Fall colors are unfolding slowly - we are told that we are at light to moderate leaf change. Splashes of color (yellow, oranges, vivid reds) appear amidst the green. Assuming that the winds of last night did not blow all the leaves away and that the anticipated heavy rain this evening does not strip the trees, we should be seeing good color as soon as we have a bit of cold. We have been sleeping with the windows open. The rain is suppose to bring warmer air with it.

Papa Bear has been experimenting with what is called a raw photograph. It is software he has added to his camera from the public domain that allows him to capture and save pictures that have many more pixels, which allows him to produce pictures with range of light details similar to his High Dynamic Range pictures, but the objects in the pictures (water, leaves, clouds) can be moving as only a single image is needed. The sunset picture of this blog is such a picture.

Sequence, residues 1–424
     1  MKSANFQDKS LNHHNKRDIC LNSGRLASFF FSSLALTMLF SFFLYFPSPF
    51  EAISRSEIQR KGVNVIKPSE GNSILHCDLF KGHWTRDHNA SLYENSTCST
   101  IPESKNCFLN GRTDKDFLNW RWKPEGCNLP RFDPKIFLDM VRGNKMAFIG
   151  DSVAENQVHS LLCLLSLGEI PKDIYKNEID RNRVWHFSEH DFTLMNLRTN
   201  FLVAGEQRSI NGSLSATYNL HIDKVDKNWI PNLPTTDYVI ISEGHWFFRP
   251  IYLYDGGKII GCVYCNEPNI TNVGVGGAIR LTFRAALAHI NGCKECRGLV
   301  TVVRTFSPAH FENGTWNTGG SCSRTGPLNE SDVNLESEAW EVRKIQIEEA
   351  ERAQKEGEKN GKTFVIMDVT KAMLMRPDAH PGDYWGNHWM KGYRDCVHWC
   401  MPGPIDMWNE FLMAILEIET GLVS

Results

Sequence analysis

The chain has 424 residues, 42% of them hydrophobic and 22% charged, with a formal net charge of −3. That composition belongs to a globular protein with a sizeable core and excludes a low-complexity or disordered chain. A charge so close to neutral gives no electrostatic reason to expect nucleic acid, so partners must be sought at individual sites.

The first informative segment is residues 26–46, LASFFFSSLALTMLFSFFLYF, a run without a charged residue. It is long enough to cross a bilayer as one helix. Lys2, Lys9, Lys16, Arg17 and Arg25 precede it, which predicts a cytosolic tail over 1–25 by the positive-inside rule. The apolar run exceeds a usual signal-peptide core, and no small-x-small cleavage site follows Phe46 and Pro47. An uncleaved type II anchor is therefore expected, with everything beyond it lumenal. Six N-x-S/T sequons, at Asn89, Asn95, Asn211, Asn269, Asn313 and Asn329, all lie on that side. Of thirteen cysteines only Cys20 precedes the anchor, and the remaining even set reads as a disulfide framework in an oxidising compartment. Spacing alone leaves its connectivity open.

We have been working in the yard as weather permits. We took one day to travel to Ellsworth to look for a saw. We also shopped for groceries at the Hannaford grocery there, which is a super store compared to the Hannaford on the Island: a couple aisles of organic foods, many more no-hormone meats. As we finished putting the groceries we purchased in the car, the skies opened and we were instantly soaked!! We have not seen such a sudden, short and heavy storm here before.

I have been loving my running - hope to do about 6.5 miles on Saturday after the rain stops. Could I run in the rain? Yes, and if I have to, I will, but the rain is suppose to stop by mid-day. I have found that my longer runs require water so I am now carrying water.